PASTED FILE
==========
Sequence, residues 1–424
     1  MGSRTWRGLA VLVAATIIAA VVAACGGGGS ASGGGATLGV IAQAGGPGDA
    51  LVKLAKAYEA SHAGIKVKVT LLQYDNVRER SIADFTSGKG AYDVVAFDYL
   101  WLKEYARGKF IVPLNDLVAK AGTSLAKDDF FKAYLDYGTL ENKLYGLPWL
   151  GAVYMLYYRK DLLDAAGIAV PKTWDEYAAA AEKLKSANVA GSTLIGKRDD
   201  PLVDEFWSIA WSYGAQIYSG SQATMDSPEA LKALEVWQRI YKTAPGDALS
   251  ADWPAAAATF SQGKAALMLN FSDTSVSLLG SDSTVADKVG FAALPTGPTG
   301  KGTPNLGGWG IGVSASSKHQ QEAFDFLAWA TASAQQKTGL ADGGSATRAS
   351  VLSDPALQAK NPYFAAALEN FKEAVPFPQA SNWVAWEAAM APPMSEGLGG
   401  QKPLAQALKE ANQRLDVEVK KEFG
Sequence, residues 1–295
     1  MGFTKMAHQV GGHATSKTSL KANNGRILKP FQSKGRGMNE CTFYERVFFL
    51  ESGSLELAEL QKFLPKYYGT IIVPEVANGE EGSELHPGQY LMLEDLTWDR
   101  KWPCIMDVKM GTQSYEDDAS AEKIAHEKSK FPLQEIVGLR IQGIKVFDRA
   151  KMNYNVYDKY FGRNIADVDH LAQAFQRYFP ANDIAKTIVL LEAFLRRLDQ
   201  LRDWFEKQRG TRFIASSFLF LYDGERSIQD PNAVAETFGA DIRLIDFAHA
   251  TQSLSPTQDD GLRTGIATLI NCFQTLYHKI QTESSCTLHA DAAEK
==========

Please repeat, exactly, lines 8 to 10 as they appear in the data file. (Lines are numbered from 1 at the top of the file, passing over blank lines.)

   301  KGTPNLGGWG IGVSASSKHQ QEAFDFLAWA TASAQQKTGL ADGGSATRAS
   351  VLSDPALQAK NPYFAAALEN FKEAVPFPQA SNWVAWEAAM APPMSEGLGG
   401  QKPLAQALKE ANQRLDVEVK KEFG